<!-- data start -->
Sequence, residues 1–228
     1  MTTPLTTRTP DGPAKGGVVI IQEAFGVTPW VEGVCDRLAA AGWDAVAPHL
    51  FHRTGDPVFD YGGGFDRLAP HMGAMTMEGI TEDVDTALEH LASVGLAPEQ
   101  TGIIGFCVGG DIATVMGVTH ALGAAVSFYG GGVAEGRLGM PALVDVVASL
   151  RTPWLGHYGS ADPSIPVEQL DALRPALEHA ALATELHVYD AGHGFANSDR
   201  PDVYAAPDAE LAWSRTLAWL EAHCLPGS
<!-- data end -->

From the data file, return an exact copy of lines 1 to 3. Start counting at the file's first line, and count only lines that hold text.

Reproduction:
Sequence, residues 1–228
     1  MTTPLTTRTP DGPAKGGVVI IQEAFGVTPW VEGVCDRLAA AGWDAVAPHL
    51  FHRTGDPVFD YGGGFDRLAP HMGAMTMEGI TEDVDTALEH LASVGLAPEQ